"[But] when you do the cost analysis versus the amount that it's being used, there's obviously a huge discrepancy," said Turenne-Maynard.
A spokesperson for the health department blamed construction delays on a variety of factors including supply shortages caused by the pandemic, COVID-19 outbreaks which prompted some PCH operators to halt on-site construction and the desire of some homes to add additional shelters or convert from an interior room to an external shelter.
Interior room used about 40% of the time
The Saul and Claribel Simkin Centre opened its interior visitation room in the middle of January.
"I think the construction process was quite delayed. So getting it up and running certainly was an issue, trying to find the staff to be able to staff it, even though we had the funding. It's making sure you have the right people to do the job," said Laurie Cerqueti, CEO of The Saul and Claribel Simkin Centre.
Cerqueti estimates the room is used four to six times a day or 40 per cent of the time.
"At this point, we're not getting the use we thought we would, but perhaps that will change in the future," said Cerqueti.
The room at the Saul and Claribel Simkin Centre will be available indefinitely, because management chose to renovate an existing space within the home rather than opt for a repurposed shipping container which has a two-year occupancy permit.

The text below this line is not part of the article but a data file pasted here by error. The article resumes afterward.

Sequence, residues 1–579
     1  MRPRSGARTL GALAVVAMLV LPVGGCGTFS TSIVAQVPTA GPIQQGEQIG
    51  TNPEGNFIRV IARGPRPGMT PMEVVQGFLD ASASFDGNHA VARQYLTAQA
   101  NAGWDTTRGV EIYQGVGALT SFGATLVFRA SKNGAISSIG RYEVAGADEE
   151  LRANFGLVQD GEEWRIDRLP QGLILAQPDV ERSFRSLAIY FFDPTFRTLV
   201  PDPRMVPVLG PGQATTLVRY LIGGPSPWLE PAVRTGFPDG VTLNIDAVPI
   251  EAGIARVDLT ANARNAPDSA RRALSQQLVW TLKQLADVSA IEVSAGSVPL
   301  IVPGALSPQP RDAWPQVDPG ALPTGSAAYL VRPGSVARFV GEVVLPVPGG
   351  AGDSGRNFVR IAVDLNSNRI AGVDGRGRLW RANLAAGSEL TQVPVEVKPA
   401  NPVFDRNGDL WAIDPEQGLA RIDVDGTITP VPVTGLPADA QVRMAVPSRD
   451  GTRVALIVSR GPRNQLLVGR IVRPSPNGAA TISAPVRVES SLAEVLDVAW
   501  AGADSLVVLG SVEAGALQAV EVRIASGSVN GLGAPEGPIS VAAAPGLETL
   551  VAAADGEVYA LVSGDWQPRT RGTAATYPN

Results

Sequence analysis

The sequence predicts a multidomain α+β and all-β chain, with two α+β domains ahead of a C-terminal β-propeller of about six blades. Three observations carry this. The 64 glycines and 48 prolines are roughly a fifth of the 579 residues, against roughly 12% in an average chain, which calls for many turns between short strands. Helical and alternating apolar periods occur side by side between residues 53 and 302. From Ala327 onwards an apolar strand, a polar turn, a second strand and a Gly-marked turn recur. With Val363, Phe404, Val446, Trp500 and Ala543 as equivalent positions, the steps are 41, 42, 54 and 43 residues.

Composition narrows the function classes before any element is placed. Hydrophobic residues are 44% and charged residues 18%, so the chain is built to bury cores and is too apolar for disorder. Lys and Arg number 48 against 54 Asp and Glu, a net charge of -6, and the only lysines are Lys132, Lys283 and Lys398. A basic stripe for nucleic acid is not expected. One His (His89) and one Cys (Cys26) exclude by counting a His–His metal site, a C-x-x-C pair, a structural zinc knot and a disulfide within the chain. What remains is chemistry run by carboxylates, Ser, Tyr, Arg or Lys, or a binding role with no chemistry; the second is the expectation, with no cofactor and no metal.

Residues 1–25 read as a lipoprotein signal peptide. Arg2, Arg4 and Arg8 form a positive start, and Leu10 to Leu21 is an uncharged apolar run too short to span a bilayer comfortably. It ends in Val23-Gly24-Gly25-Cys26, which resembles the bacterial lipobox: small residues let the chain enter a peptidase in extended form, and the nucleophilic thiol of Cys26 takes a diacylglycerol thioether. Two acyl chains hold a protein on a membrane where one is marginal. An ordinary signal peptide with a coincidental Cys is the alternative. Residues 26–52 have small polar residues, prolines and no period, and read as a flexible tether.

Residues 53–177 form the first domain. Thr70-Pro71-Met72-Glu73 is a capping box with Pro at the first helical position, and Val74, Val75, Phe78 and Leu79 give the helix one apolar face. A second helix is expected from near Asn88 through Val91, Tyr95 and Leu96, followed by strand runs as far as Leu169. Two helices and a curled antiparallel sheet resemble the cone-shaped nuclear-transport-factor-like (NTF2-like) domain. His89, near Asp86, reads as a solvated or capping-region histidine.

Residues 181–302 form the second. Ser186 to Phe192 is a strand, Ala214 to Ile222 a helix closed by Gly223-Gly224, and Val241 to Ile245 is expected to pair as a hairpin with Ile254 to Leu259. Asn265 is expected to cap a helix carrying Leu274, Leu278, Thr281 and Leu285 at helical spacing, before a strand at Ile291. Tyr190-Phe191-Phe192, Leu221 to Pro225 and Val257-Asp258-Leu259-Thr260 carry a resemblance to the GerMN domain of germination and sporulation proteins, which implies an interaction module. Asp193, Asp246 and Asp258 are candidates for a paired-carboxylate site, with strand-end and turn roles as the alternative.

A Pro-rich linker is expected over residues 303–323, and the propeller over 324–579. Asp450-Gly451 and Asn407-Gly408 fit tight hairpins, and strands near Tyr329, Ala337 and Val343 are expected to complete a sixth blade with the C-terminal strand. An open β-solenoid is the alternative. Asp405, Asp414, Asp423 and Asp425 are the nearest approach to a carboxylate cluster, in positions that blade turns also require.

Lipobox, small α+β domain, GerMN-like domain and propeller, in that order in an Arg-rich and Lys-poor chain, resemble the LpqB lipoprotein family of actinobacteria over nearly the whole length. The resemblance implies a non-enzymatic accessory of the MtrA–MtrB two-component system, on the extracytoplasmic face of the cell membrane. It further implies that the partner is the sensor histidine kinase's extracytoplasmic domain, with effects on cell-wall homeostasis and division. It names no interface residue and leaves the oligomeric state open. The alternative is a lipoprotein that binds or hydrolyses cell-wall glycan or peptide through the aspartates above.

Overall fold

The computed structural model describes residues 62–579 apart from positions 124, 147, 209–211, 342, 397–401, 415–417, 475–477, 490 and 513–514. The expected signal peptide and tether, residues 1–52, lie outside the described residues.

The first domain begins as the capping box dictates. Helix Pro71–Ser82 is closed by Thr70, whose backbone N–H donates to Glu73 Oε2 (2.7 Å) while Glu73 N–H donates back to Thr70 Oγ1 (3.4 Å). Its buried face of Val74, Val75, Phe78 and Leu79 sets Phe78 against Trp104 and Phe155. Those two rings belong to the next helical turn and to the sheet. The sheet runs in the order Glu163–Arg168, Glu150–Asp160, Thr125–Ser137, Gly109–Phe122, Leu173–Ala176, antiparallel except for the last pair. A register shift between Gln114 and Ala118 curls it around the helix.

Of the WRHA's 45 visitation units, at least 21 have occupancy permits that expire in two years, according to a CBC analysis of City of Winnipeg records.
"The two-year occupancy permits were agreed upon based on requests from [the province] for that length of time. The City is open to discussing renewed occupancy permits for these buildings if it's required at a later date," wrote a city spokesperson who noted visitation pods are similar to modular classrooms, which frequently receive renewed occupancy permits.
Health Minister responds
More than 100 visitation shelters have been constructed in less than 10 months, current Health Minister, Heather Stefanson said in an emailed statement.
Stefanson said the development of the shelters was on budget, but the budget was increased to add additional shelters at the care homes' request.
"These shelters are an added protection for some of our most vulnerable citizens beyond the current global pandemic, including influenza season, and we will continue to work with the regional health authorities and personal care home operators to ensure these shelters are used to their fullest potential," said Stefanson.
Money could have been better spent: Union
"I'm a little flabbergasted," said Shannon McAteer, health care coordinator with the Canadian Union of Public Employees in Manitoba, which represents workers at long-term care homes, in response to more than $80 million being spent on the visitation shelters.
"That money could have been allocated more towards staffing levels," she said in an interview with CBC News.
"Even half of that amount could have seriously, you know, beefed up the staffing levels here in Manitoba, which is what we really needed."
McAteer supports the need for residents to be able to see their families but stresses the visitation pods create extra cleaning and administrative work for staff.
"It's just created an extra workload on an already stretched workforce," McAteer said.
With files from Kristin Annable